Elizabeth, I’m curious what you think of recent numbers out of San Francisco and New York City that seem to indicate a continuing decrease in incidence over the last several years. Do these numbers problematize your thesis that risk behavior is on the rise in those communities, and do they further therefore problematize your thesis about the relationship between access to ARVs, perceptions of risk, and resulting behavioral change?

  3. Comment by elizabeth, 28/07/08, 09:56:

    Jim: “do you think you can reliably infer the impact of increased access to treatment on the behavior of uninfected persons in Africa based on research conducted in developed countries?”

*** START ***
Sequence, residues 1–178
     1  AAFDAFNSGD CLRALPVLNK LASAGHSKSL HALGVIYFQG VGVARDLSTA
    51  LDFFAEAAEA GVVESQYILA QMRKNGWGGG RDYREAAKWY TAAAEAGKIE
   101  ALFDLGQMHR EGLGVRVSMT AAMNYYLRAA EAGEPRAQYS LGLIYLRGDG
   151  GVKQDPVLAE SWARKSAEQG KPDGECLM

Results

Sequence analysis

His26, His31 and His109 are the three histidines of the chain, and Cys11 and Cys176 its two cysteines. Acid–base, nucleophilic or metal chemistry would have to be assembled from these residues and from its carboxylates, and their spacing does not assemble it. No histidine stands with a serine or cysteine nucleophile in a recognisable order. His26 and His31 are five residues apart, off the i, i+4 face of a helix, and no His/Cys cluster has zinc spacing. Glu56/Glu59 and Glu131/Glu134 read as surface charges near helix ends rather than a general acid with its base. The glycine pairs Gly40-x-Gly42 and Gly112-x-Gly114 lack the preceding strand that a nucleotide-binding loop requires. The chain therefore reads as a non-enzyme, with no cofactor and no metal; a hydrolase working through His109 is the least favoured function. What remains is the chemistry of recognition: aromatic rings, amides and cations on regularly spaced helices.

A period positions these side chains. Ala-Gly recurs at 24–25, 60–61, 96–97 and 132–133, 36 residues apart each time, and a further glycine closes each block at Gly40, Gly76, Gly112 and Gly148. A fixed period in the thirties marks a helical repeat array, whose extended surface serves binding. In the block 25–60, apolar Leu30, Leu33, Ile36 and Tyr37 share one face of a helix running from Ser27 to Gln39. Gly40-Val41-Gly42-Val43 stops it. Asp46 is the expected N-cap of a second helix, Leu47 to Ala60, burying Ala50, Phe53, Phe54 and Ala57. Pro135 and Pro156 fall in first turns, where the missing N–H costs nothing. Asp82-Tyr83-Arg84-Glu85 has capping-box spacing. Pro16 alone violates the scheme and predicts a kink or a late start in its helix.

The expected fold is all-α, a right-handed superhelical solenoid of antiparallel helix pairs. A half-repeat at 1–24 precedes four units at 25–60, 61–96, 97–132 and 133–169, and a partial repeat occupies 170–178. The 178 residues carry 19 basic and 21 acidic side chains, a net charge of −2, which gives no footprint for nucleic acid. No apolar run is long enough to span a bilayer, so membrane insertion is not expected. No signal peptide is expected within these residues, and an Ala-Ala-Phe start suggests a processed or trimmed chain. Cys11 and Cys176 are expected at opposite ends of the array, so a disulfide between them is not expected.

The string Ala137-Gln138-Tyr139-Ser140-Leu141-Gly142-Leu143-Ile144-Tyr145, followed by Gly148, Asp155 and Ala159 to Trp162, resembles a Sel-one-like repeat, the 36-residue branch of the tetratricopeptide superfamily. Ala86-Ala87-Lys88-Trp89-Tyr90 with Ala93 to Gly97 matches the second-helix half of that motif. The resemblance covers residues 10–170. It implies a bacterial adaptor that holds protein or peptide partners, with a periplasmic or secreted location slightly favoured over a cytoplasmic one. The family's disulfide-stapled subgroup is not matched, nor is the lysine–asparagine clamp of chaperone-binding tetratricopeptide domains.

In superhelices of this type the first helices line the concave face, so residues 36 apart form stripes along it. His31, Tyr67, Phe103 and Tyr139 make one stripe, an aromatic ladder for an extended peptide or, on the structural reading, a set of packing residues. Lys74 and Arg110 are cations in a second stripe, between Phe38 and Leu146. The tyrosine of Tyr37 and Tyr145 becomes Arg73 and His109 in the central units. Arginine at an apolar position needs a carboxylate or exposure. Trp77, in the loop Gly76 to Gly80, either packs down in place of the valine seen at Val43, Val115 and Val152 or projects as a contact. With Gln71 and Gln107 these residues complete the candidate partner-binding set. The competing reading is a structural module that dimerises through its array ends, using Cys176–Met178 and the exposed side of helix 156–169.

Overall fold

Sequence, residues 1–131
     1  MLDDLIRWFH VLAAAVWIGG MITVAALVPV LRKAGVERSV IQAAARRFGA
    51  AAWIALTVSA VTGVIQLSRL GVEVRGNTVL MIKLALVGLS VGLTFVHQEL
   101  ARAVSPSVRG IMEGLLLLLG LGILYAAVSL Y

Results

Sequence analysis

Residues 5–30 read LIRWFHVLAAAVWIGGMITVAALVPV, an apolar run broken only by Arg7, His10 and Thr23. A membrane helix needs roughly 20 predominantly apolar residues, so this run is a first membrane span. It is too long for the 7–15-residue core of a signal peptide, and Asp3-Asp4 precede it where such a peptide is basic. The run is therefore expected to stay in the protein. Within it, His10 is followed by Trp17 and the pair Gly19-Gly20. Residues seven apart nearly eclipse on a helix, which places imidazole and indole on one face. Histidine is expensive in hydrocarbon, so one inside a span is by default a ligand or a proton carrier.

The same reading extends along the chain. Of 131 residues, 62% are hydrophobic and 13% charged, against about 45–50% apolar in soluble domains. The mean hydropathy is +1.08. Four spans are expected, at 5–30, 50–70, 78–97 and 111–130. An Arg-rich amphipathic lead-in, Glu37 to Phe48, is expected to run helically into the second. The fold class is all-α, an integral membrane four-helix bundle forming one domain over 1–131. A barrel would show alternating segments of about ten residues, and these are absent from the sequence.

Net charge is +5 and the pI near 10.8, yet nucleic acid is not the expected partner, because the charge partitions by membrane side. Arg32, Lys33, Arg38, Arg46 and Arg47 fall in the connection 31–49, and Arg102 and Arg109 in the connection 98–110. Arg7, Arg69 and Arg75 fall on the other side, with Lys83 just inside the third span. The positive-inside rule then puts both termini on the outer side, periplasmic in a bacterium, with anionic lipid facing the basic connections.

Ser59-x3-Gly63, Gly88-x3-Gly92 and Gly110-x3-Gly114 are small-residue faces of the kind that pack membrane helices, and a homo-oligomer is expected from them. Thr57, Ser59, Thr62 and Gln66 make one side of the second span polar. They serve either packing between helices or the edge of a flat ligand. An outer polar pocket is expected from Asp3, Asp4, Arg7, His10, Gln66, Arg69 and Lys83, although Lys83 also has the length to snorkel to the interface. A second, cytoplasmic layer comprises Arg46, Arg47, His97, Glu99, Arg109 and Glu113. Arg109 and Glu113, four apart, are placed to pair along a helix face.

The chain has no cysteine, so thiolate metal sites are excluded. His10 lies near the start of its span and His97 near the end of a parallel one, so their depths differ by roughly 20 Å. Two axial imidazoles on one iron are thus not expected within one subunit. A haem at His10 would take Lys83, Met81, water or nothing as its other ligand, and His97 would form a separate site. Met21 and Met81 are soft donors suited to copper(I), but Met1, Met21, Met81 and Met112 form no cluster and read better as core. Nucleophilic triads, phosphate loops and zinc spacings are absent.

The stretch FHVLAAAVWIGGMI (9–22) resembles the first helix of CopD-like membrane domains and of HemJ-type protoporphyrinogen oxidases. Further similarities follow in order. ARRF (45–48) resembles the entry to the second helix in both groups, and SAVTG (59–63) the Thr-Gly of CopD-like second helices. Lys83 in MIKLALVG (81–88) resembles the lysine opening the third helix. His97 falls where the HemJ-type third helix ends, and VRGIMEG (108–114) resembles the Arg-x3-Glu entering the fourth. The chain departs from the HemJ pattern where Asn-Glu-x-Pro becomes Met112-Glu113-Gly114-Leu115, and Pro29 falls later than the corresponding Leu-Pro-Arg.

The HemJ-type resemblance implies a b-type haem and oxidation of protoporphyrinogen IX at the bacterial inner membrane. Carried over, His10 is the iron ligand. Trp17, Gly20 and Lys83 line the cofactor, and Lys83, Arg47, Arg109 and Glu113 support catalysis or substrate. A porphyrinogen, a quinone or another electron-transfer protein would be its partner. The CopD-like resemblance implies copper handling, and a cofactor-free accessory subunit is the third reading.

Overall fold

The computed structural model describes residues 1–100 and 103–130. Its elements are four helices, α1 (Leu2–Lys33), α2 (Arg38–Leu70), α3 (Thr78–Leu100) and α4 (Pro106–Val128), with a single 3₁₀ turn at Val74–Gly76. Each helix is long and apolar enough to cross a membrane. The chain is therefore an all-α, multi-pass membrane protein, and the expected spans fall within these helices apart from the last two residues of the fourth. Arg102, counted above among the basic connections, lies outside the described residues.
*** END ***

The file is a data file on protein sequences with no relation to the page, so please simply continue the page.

Reliably? No. For one thing, we’re unlikely to see as much of an “undoing” of safe behaviour in part because there is less safe behaviour to “undo” among heterosexuals in many African countries than there is among gay men in developed countries. But do I think it plausible that the relationship between percieved risk and actual behaviour will be similar. In communities where the major motivation for using condoms is avoiding death from AIDS, the disappearance of AIDS surely undermines the motivation.